• Kyodo


The nation’s largest farm lobby and consumer groups linked to the sector staged a protest rally Tuesday in Tokyo ahead of Prime Minister Shinzo Abe’s expected announcement that Japan will join the Trans-Pacific Partnership free-trade negotiations.

Abe is expected to make the announcement at a press conference Thursday or Friday after his Liberal Democratic Party, many of whose members depend on the farm vote, presents its terms to his administration.

About 4,000 people took part in the rally, according to the Central Union of Agricultural Cooperatives (JA-Zenchu), which is part of the Japan Agriculture group.

The farm lobby, which was joined by seven other groups, including consumer cooperatives linked to the highly state-protected farm and fisheries sectors, has long opposed Japan’s joining the U.S.-led trade talks on grounds that the elimination of tariffs would damage the agriculture sector with an influx of cheap imported produce.

“Anxiety and anger are spreading around us because we have not received a sufficient explanation from the government,” Akira Banzai, head of the union, said in his opening address, calling the TPP “a drastic agreement that will change the way the nation deals with food.”

The union has been arguing against points in a Japan-U.S. joint statement issued in February after Abe met with U.S. President Barack Obama in Washington.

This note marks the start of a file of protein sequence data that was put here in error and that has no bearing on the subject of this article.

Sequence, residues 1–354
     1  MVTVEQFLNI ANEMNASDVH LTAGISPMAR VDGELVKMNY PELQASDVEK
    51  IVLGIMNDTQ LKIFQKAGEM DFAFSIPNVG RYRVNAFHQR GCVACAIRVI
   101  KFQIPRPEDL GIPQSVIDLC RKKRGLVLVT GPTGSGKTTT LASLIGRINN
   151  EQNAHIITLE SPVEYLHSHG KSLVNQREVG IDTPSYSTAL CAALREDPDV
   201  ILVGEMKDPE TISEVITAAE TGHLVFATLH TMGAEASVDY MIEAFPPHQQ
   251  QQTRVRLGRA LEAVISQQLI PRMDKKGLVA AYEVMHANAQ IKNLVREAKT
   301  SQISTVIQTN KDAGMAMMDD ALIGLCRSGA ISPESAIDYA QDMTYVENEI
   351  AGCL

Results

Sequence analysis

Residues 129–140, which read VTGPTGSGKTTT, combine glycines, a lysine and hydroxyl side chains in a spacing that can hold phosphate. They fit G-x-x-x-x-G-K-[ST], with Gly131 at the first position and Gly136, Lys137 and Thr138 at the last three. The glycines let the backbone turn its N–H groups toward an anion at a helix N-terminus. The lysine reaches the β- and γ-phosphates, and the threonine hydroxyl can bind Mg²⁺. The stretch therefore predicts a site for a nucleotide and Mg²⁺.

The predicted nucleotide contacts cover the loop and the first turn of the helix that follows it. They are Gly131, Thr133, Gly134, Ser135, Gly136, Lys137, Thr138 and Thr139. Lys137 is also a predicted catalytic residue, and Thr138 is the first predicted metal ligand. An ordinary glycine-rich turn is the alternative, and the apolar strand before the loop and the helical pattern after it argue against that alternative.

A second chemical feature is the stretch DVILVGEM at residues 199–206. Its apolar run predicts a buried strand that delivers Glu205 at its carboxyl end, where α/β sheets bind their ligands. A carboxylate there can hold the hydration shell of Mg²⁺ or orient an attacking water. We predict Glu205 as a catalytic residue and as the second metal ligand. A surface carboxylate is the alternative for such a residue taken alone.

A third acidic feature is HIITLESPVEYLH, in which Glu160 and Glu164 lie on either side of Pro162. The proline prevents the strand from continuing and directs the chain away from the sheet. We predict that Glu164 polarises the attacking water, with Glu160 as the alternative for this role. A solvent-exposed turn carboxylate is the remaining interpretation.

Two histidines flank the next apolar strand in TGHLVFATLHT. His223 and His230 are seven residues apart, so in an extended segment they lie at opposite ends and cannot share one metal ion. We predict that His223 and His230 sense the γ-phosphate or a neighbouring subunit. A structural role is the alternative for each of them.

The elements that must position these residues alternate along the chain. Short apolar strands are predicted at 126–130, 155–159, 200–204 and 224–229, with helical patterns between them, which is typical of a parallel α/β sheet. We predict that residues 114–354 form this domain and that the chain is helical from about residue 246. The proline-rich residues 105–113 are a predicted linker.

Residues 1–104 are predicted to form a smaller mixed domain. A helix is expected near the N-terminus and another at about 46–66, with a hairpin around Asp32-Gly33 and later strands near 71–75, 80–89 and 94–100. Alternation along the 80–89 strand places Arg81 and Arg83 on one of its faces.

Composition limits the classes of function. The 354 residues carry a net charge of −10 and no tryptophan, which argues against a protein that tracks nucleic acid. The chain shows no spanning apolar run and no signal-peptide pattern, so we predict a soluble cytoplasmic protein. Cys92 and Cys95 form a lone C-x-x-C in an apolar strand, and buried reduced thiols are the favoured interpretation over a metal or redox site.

The points at issue referred to Tokyo and Washington confirming that “all goods would be subject to negotiation” and that “the final outcome will be determined during the negotiations.”

The union’s position is that if Abe’s government soon signals its participation in the negotiations, this would renege on the LDP’s campaign pledge for the December election.

The LDP had pledged to oppose joining the negotiations if abolishing tariffs without exception was to be a precondition.

While the farm and other groups step up their calls against the TPP talks, executives of an LDP panel met Tuesday and agreed to present their terms, which include measures to protect domestic farm products, when they hold a plenary session Wednesday evening.

The LDP, whose members are split over joining the TPP talks, is expected to leave the final decision up Abe.

The nation’s major industries have advocated joining the TPP talks at an early stage to ensure Japanese businesses can hold onto their competitive edge and to ensure that consumers, most of whom are urban, can benefit from the huge free-trade deal.

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